On smog

If I could have any color I found to rouge my cheekbones with,
I’d streak the peachy rose of Calcutta’s twilight smog across my apples,
In place of the exhaust and dust catching to the salty dew
borne of an India afternoon sun.

The clouds tinted here at sundown
are more than a fat little cherub-pink;
they glow with the almost apricot of a lazy flame,
lit underneath the toiled pace of henna heels.

Between the grey of the cinder buildings,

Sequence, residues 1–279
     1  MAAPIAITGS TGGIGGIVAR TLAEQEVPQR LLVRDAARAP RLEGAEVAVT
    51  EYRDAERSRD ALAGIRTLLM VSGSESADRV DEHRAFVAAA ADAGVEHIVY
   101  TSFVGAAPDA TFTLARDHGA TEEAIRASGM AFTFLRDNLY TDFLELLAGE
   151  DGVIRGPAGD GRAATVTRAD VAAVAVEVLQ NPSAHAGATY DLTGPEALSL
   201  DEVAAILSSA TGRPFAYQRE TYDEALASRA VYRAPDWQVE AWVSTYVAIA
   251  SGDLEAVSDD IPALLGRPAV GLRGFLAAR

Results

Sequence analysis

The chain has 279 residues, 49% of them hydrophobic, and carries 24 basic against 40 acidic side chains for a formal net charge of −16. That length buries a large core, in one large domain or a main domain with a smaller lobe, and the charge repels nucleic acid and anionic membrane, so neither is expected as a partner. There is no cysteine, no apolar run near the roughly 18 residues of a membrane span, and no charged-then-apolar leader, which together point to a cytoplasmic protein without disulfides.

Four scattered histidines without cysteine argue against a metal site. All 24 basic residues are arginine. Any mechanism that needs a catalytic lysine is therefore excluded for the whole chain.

and the paled navy of an ambitious night,
there reclines a thin coral outcry of color,
smoldering the cheeks of pale Kolkata’s enticing mug.
Even amid the clamber of bells
and yells
and the evening prayer,
the crows have seen the fire in the face of the city
and silenced their hungry (albeit generous) calls.

Maybe the rosy red smearing cumulus tonight
is no blush of bridal proportions.
No, maybe instead this lusty flush
is a heated cry of pomegranate angst,
tart and sharp in your mouth,
telling of embedded little furies,

Burning
and churning
for a little peace tonight

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